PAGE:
Tibetan monk Rinchen Tsultrim was sentenced to four years and six months’ imprisonment in a secret trial for “inciting secession” after expressing political views on his social media account. Held incommunicado since 1 August 2019, his family members only learned of his trial, alleged crime and whereabouts through a response from the Chinese authorities to UN human rights experts in August 2021.

Freedom of expression

Tight controls and restrictions on online freedom of expression continued. On 8 February, the Chinese authorities blocked Clubhouse, an audio app used by thousands of people across China and elsewhere to discuss topics including Xinjiang and Hong Kong. The Personal Information Protection Law took effect on 1 November, further regulating cyberspace and enforcing localization of data. Microsoft-owned social network site LinkedIn closed its localized Chinese version due to the “significantly more challenging operating environment and greater compliance requirements in China”.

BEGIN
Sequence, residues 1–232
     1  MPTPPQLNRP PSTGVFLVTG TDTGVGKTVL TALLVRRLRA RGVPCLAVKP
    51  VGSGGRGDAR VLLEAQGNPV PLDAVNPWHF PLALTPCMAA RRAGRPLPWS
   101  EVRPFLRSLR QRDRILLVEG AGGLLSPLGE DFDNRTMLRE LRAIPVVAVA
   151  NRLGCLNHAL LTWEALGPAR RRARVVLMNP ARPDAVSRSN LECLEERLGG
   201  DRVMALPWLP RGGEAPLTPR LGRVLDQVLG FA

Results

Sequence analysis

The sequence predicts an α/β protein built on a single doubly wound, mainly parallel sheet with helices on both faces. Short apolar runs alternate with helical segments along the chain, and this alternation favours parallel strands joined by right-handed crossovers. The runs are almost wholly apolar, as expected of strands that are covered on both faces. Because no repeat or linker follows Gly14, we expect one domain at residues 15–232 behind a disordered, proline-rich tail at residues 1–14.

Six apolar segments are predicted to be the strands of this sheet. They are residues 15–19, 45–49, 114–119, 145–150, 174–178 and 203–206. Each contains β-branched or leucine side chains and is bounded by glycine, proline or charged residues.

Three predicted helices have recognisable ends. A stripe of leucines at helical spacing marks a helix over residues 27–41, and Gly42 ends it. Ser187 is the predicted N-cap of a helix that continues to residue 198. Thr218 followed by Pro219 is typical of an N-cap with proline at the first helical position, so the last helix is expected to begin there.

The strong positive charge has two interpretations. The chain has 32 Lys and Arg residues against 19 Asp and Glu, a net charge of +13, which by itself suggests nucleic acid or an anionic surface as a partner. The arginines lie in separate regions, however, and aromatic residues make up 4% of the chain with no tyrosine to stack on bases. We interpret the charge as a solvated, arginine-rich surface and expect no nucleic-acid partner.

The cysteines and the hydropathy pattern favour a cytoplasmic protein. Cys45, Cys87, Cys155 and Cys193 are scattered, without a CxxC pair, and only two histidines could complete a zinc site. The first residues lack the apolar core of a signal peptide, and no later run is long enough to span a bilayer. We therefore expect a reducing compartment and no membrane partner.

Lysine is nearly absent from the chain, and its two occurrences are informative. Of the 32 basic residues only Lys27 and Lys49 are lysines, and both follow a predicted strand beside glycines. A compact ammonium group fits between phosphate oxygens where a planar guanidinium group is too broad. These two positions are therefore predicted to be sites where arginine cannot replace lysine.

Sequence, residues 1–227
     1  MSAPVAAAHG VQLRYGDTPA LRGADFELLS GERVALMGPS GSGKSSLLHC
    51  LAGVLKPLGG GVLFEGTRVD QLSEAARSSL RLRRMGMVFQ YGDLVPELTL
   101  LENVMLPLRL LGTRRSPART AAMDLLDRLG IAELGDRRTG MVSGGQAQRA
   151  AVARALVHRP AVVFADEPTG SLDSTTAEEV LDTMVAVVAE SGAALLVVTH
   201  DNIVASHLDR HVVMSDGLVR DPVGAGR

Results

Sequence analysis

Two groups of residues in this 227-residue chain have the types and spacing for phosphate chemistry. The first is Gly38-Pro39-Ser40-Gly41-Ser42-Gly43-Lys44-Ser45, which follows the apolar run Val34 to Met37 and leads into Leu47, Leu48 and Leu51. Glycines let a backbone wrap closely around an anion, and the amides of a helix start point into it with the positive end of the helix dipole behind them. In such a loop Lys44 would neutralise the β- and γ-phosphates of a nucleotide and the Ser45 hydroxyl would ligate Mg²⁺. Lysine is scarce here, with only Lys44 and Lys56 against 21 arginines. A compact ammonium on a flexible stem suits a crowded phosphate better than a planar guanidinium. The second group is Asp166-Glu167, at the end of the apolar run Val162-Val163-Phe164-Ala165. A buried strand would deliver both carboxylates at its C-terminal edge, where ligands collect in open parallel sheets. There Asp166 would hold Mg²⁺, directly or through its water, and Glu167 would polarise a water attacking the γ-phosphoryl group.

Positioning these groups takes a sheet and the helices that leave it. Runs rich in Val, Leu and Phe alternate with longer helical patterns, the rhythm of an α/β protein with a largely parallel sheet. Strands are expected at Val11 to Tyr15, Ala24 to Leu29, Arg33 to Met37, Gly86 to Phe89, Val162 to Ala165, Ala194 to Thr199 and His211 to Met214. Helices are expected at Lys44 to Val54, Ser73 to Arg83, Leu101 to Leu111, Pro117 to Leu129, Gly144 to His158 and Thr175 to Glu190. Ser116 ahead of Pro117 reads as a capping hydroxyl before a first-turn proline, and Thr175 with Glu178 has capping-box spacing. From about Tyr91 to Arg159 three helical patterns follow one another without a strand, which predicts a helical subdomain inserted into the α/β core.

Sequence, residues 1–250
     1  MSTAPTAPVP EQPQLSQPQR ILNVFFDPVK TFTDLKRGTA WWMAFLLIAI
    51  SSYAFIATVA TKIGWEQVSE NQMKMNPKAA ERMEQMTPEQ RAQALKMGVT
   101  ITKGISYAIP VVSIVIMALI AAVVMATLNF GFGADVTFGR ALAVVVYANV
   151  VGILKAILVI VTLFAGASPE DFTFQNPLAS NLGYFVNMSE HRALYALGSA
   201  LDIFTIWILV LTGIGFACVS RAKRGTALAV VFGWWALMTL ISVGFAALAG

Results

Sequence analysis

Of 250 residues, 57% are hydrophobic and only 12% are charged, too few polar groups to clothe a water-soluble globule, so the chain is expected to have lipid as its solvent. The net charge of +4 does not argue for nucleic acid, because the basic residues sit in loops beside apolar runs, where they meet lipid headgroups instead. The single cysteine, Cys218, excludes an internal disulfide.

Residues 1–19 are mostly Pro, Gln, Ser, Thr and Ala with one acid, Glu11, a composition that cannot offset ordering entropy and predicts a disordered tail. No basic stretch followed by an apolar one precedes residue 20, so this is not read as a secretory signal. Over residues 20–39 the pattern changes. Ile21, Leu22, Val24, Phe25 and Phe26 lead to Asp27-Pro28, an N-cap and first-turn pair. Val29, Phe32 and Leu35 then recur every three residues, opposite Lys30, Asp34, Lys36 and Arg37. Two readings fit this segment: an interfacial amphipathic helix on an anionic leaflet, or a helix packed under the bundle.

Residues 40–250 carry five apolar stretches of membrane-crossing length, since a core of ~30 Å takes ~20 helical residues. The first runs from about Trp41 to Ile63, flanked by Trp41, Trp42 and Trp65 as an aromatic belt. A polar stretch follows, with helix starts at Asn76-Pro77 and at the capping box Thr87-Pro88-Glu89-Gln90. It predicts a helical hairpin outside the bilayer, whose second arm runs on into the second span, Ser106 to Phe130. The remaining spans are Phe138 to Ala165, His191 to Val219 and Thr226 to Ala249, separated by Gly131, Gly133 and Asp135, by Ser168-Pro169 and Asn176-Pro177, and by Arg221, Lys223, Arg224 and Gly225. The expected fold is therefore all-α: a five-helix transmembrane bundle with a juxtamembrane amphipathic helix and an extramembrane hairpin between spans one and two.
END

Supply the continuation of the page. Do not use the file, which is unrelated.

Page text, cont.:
Human rights defenders, activists and citizen journalists risked their lives reporting on the Covid-19 outbreak and were a vital source of uncensored first-hand information. The government subjected them to harassment and reprisals, including detention. Former lawyer Zhang Zhan, who was sentenced to four years’ imprisonment in December 2020 for reporting on the Covid-19 outbreak in the city of Wuhan earlier that year, began a partial hunger strike to protest against her incarceration. Her health deteriorated and her life was at risk. Citizen journalist Chen Qiushi was released more than 600 days after being detained in February 2020. The whereabouts of citizen journalist Fang Bin, who went missing in February 2020 after reporting on the Covid-19 outbreak, remained unclear.

Death penalty

China remained the world’s leading executioner, although figures on executions and death sentences remained a state secret, preventing independent scrutiny.

On 10 August, Robert Schellenberg, a Canadian national convicted of drug trafficking, had his prison sentence increased to a death sentence during a one-day retrial. The trial coincided with a diplomatic dispute between Canada and China.